(By Michael Irene)
“To the next generation of Nigerians, something different must be gifted to them and that is, a new way of living. A new eye for seeing that for a better country, every individual has to work for the good of others. There has to be a collective effort to make the country work. Individualism and the “me” syndrome would not move anyone forward. For what would it profit a man who has acquired earthly riches and cannot help his brother down the street?“
As a father or mother, what do you tell your child about the country? As an uncle or aunt what do you tell your nephews and nieces? As a neighbour what do you tell your friend about the country? As a preacher and imam what do you tell your congregation about the country? As a teacher in the school what do you tell your students about Nigeria? As a businessman or a corporate head, what do you tell your staff about the development of Nigeria?
A child once told his father that he wanted to become the president of Nigeria when she grows up. His father told her that the dream couldn’t be achieved. It is a position for only those who have the ability to steal, con and deceive people and besides, because she was a woman that post would never be available to her. The girl simply walked away in sadness. The father rubbed his chin and continued to read his newspaper.
Another child came from school and told his uncle that he was tired of being a Nigerian. The surprised uncle asked what the matter was and the boy said their teacher told them that to be successful academically, they needed to go abroad. The teacher recommended the United States of America where dreams come true and the United Kingdom as the best place for education. The uncle was furious. He stormed out of the house and went straight to the boy’s school. He dashed to the principal’s office and expressed his disappointment. The principal asked him a question: “Is it not true?”
There are two sides to existing in Nigeria. First side is filled with the hard-core pessimists who see nothing good coming out of the country and the strong optimist who believe that Nigeria would be a better country in the future. These two sides clash and fortunately or unfortunately, inspire each other.
A poor man, whose neighbour drives a brand new BMW X5 and wears the latest designers clothes and shoes, prays so hard to be just like his neighbour. He curses the gods that made him poor. Everyday, he throws his money in the offering baskets with the hope that he would be better than his neighbour. One day, he sees the police picking the rich man from his mansion and watches how they beat him up. Then he begins to thank the gods for his situation.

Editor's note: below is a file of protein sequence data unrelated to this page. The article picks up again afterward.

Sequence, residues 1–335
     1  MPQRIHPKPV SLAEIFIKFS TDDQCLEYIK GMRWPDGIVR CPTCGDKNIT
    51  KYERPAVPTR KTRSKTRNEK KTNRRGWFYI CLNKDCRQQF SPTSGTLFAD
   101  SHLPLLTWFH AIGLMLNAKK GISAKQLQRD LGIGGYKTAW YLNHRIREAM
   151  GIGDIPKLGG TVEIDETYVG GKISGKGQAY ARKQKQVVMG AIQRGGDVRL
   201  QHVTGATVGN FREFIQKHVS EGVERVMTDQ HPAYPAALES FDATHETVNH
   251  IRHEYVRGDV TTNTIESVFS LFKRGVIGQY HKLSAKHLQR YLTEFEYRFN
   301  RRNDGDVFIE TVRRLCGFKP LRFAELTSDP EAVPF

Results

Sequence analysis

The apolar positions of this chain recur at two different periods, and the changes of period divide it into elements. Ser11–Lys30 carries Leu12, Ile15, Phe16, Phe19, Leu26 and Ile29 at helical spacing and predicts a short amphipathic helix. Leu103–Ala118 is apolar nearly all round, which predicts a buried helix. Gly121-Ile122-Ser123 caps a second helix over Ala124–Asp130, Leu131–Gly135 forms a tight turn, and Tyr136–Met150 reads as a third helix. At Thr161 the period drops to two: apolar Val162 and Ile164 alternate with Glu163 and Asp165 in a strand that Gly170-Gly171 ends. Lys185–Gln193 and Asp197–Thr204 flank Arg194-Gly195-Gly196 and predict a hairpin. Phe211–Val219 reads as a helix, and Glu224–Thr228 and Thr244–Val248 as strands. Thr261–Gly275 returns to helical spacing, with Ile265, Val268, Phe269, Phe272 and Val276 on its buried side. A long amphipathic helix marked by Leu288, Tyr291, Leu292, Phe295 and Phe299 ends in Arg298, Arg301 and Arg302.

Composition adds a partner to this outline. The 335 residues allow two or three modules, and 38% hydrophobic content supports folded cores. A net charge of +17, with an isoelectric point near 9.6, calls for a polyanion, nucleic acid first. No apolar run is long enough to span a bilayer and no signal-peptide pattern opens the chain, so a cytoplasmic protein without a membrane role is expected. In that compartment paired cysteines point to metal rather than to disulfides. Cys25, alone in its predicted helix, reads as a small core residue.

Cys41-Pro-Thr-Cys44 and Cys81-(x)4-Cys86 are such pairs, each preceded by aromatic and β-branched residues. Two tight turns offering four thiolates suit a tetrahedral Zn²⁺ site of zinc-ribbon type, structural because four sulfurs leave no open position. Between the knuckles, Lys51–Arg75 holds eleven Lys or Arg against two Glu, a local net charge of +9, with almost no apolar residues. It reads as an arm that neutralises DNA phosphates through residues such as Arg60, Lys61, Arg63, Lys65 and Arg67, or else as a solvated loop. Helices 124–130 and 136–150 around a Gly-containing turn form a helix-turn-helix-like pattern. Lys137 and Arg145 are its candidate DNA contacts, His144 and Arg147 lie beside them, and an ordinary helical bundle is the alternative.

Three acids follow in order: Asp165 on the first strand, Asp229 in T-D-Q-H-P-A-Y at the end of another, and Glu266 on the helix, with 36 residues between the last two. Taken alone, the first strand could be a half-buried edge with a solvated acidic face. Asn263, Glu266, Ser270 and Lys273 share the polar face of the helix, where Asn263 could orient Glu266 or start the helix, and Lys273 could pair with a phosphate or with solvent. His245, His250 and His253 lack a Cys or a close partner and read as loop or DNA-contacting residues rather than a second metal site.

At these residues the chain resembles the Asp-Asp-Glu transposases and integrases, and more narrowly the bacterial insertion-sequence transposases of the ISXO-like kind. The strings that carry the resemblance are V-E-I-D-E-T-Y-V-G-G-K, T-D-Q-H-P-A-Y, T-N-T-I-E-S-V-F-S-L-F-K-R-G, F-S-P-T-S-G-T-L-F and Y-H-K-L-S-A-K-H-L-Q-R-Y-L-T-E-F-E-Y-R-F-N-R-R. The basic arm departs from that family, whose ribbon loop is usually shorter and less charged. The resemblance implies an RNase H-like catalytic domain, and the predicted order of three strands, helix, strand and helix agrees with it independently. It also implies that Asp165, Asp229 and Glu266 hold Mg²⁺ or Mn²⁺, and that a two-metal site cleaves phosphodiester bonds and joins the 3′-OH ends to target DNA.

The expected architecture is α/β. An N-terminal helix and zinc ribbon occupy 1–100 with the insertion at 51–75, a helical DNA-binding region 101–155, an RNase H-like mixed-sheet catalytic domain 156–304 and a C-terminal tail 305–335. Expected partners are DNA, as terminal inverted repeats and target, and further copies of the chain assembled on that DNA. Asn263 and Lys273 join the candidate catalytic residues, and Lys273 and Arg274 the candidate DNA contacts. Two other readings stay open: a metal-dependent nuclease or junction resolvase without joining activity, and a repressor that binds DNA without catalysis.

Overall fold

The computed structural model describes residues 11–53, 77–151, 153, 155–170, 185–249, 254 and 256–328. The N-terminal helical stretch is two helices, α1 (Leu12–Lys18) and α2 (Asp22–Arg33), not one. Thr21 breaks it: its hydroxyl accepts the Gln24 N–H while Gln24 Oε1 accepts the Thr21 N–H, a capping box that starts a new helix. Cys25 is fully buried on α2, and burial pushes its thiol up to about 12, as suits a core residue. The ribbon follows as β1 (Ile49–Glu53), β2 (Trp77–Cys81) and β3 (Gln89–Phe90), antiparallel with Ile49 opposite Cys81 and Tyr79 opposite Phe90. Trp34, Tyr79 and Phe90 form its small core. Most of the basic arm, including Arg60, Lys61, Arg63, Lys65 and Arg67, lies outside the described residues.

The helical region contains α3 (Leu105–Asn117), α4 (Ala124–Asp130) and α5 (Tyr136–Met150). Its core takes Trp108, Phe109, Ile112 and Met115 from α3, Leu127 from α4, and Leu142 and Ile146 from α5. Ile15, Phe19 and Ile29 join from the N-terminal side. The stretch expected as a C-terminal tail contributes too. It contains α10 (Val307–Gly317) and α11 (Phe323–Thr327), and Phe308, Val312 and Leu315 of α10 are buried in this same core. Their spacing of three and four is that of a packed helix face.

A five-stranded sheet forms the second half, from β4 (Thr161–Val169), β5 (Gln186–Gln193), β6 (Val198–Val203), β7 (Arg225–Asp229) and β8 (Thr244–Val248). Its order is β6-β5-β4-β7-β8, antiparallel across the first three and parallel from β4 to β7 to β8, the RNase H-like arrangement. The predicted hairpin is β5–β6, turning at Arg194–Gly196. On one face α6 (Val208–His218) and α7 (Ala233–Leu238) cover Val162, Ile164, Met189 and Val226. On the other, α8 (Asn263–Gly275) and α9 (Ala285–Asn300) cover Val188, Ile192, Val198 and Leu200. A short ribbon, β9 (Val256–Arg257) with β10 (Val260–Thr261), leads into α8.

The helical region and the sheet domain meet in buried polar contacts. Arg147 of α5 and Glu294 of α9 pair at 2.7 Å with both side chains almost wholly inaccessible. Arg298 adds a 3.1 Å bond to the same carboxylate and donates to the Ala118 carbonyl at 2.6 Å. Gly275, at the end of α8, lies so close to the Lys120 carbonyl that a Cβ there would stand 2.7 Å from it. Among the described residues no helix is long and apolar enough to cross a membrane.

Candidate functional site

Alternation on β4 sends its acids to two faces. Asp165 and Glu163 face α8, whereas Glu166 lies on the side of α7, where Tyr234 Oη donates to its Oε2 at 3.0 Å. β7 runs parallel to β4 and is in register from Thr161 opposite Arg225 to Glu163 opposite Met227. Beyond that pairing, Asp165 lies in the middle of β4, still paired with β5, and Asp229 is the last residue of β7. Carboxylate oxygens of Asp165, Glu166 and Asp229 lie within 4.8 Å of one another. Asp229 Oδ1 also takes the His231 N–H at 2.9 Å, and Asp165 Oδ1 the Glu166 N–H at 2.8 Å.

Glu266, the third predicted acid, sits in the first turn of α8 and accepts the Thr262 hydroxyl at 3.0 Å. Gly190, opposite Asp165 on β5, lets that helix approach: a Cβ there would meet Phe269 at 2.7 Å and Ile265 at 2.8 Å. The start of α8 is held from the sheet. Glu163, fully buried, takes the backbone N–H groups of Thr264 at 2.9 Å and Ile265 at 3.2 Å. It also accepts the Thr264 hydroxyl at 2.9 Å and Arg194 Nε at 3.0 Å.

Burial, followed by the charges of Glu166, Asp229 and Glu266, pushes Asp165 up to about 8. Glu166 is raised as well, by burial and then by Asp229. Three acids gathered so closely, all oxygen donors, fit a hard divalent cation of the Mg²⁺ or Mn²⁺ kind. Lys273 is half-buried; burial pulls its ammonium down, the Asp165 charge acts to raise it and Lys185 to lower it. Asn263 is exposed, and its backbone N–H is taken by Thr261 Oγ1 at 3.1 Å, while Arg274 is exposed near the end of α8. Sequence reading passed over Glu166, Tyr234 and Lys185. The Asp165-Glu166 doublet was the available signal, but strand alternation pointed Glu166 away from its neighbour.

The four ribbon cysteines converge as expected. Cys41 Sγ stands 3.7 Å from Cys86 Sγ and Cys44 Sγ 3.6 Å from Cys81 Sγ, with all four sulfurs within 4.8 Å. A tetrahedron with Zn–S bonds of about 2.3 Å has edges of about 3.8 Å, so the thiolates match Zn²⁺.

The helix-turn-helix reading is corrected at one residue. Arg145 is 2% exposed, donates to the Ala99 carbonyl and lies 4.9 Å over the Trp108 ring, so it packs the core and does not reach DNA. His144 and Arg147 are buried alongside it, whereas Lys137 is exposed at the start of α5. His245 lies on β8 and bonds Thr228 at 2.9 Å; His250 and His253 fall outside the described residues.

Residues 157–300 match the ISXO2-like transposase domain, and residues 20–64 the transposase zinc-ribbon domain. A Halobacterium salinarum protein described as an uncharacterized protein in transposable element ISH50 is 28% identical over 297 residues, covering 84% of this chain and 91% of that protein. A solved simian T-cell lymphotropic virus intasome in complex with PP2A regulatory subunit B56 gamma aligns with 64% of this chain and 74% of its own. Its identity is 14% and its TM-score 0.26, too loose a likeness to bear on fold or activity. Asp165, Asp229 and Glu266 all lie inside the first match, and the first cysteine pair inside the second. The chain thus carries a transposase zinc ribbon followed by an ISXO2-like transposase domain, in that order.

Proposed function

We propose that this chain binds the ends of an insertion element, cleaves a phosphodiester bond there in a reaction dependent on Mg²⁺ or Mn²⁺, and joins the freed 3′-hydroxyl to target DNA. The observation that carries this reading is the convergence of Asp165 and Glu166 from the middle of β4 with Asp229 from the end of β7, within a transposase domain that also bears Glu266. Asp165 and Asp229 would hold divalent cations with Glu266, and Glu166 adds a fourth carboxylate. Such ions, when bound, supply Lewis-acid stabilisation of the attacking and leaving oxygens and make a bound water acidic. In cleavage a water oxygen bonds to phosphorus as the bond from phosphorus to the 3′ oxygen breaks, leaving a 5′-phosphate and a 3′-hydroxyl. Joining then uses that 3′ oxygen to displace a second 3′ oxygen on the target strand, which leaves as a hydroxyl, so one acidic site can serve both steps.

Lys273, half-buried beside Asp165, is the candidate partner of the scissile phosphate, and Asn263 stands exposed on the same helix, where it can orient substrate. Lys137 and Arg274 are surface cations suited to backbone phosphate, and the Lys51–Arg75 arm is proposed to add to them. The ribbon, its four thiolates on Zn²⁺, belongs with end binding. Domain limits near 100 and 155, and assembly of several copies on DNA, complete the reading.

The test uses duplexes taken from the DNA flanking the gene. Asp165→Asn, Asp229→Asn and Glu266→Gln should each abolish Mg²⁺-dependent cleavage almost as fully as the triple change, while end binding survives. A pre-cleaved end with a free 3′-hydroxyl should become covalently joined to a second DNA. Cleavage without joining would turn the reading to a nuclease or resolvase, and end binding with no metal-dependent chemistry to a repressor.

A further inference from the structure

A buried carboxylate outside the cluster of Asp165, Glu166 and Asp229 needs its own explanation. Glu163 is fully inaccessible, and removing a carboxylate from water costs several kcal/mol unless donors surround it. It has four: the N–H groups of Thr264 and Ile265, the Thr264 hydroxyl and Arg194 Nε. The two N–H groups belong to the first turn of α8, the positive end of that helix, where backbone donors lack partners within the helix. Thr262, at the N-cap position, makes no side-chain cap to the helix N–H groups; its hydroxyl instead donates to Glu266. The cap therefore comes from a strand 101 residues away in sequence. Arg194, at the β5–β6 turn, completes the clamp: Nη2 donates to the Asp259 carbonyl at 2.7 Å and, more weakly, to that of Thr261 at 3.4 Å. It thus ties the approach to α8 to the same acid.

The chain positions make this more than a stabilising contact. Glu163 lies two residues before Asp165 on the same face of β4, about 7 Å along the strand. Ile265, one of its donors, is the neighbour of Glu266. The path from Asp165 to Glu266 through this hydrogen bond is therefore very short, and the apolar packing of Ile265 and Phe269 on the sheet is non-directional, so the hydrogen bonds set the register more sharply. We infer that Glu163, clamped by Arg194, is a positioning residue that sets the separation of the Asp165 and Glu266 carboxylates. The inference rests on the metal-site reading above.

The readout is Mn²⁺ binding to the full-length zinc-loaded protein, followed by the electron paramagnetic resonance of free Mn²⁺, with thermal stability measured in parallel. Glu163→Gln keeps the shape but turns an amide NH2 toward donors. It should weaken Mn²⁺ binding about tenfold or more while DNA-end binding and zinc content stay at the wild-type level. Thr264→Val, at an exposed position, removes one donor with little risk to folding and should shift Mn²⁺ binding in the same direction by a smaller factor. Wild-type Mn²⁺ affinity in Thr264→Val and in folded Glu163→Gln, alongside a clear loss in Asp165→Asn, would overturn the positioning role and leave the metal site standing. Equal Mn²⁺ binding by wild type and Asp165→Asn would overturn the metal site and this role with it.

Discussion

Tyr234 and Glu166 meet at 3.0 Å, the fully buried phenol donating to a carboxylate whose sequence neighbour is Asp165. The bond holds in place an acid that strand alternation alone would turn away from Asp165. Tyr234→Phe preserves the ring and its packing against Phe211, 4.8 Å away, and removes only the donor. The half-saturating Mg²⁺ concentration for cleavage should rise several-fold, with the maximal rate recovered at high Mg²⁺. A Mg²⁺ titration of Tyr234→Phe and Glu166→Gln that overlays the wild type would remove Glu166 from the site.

Everywhere you go to in Nigeria, there is the mad rush to get it all. Materialism has taken over the mind-set of every kid. They want the latest smart phones, computers and cars. Engage most young Nigerian undergraduates in a conversation and ask about their future plans. It is always about amassing wealth without constructive planning. The, me, me, me, syndrome is always at play.
Religious houses have been turned into a place where the words are about how you can buy your way into heaven or how many virgins you can meet in heaven. The next generation has been wired to believe that the way to living a good life on earth is to follow verbatim what is written in the Holy books. Reason has been jettisoned. Everyday, dreams are prayed for and not worked on.
The corporate boss in the office only wants what’s best for him. He would drive to any length to make sure that he makes slaves of his workers. After all, there is no free lunch for a lazy man. And he tells his children that for you to be a successful Nigerian you have make your way to the top by any means necessary. Humanity, sometimes, is lost when pursuing riches.
There is a bad air flowing around town. It has filled almost every Nigerian.
The cure is simple. To the next generation of Nigerians, something different must be gifted to them and that is, a new way of living. A new eye for seeing that for a better country, every individual has to work for the good of others. There has to be a collective effort to make the country work. Individualism and the “me” syndrome would not move anyone forward. For what would it profit a man who has acquired earthly riches and cannot help his brother down the street?
These challenges present a social malaise that needs to be addressed by every Nigerian. Of course, we need new names, new attitudes, new focus and most importantly, new ways of loving. We would be playing a game of deadly ignorance if we fail to see that the next generation’s life depends on what they see in the present time. What are you doing to make the world a different place? What are you doing to make a mark in Nigeria?
The little girl who dreamed to be a president has a chance. That boy doesn’t have to go to America to fulfil his dream. The tools we need to help our tomorrow are here today. Would you use it to help?
“Opinion pieces of this sort published on RISE Networks are those of the original authors and do not in anyway represent the thoughts, beliefs and ideas of RISE Networks.”